He visits schools, hospitals, hospices and libraries, and is so good at his job, he’s even been nominated for an NHS hero award.One of the residents eagerly awaiting Dodger’s arrival is retired bank worker Valerie Cook, 80. Valerie, who has dementia, says she loves seeing friendly Dodger.
Her husband of 43 years, George, 82, added: ‘I look forward to Dodger visiting, he makes me feel happy when he visits.
‘He is such a dear dog and so well behaved. He knows us all now. I think it is such a good idea that dogs visit the home.’The former Tube worker, who also has dementia, added: ‘Most people here like him and Dodger can tell which ones of us really like him.’
The dog is also a fan of Robert Thompson, 88, who used to work at the Glassworks in Walthamstow. Care home manager Karen Martindale said Dodger has the ability to adapt to different people’s needs around him.
Find ways to enrich your pet’s environment. Your dog or cat needs your help to stay mentally stimulated. This is important not only to discourage destructive behavior in younger pets, but also to keep your older pet’s brain sharp.
She said: ‘If a resident is unwell he will lay on the bed so that their hand can touch him without any effort.
‘He will sit in the armchairs and put his head in their laps or on their shoulder.’
She added that Dodger has a few residents that he really likes and wags his tail as soon as he sees them.Ms Martindale said: ‘Once the residents are told that it is the day for Dodger to visit there is an air of excitement in the home.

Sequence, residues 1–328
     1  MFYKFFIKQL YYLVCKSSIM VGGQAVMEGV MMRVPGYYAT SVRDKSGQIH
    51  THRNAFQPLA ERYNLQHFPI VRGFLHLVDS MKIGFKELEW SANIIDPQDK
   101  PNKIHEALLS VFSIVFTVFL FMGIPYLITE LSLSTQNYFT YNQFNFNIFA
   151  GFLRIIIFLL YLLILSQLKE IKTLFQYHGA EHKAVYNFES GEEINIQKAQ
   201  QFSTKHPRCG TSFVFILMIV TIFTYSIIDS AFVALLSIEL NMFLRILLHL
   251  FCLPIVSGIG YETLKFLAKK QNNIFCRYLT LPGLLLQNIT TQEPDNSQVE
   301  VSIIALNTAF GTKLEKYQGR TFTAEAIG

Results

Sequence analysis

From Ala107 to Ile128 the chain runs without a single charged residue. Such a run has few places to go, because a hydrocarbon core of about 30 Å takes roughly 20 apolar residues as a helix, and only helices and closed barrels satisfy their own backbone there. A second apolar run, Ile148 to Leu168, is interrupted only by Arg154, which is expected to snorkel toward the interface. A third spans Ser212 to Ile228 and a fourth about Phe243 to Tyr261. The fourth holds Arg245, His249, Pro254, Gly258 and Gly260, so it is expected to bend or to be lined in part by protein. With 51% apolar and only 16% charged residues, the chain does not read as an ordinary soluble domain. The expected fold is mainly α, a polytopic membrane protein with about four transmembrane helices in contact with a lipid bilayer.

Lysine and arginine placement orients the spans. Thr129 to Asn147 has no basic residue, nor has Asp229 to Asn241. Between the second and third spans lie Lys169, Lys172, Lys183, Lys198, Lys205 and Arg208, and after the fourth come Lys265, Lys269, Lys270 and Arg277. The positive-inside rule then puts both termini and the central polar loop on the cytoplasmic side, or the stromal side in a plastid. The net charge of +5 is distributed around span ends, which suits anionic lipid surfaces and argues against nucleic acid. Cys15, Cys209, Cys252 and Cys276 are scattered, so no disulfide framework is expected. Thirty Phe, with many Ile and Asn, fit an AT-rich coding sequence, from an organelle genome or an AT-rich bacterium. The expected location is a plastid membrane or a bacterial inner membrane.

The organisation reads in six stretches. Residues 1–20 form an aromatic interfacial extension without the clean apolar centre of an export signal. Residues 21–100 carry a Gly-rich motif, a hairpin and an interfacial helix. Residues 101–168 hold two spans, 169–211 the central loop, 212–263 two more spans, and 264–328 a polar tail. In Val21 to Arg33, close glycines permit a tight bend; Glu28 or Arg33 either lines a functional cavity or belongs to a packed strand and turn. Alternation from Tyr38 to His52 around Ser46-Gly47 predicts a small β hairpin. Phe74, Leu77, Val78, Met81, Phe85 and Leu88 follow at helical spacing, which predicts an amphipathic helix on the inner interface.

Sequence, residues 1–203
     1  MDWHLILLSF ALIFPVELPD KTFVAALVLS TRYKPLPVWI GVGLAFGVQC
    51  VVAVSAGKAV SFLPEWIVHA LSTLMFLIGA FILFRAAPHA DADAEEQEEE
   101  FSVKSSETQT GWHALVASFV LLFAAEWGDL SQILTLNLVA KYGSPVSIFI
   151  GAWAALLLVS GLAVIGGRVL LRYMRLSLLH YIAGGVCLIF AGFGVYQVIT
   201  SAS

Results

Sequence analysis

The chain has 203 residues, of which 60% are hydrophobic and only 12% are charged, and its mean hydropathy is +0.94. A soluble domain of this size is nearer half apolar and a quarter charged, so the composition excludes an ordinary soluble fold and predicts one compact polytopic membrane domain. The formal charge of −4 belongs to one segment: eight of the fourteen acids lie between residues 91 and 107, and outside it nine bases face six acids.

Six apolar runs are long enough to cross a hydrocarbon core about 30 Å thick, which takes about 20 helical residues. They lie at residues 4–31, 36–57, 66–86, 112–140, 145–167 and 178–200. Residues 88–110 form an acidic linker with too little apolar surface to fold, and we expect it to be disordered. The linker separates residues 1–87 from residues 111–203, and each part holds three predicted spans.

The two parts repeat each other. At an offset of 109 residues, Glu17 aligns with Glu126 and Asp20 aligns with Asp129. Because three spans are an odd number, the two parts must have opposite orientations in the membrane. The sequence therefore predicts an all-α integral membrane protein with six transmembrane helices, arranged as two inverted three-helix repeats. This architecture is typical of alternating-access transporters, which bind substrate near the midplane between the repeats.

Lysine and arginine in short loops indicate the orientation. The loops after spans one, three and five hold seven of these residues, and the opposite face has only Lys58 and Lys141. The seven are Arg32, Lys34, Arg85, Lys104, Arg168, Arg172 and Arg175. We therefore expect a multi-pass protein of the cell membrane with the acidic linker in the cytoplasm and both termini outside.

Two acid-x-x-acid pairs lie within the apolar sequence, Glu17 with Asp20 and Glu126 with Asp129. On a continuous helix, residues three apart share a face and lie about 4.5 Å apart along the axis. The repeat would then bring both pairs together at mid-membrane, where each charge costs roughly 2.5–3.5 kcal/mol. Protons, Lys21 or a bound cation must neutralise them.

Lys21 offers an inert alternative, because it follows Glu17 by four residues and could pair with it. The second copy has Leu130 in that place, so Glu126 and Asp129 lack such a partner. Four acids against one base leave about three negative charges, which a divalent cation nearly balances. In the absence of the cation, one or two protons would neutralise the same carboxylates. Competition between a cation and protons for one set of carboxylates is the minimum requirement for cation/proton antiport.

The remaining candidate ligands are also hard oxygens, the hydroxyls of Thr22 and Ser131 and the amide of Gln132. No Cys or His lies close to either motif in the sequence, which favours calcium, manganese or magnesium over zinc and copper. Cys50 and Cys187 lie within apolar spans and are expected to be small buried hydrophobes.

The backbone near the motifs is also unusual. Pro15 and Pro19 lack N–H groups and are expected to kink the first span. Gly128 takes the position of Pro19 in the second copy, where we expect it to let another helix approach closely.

‘Everyone has a story to tell either about a pet dog that they once owned or about a dog that someone else owned.’
But it’s not all hard work for Dodger, who often bags himself a custard cream or Cornish wafer on his visits.
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Ms Martindale added: ‘Dogs visiting the home really do make a difference to residents’ lives. He is an absolutely amazing dog.’Dodger’s owner, Karen Gee, has written various short stories on him, and says he’s ‘on a mission’ to change any negative perception people have of staffies. Ms Gee, 56, is now waiting to find out if Dodger has won the award for his work with the NHS trusts he visits at a gala dinner in February.
The mum-of-three worked for RBS for 34 years, but swapped her banking life to write educational books about Dodger in 2013.
Soon after, the home contacted her after trying to secure the services of a therapy dog for a number of years.
Ms Gee said: ‘He enjoyed the visit as much as the residents and we have been (going) for almost two years. Dodger loves people.
The tick should come out on its own and be stuck to the cotton ball when you remove it.
‘It’s an adventure and I love it, I love every day of it – let’s just see where it takes us.’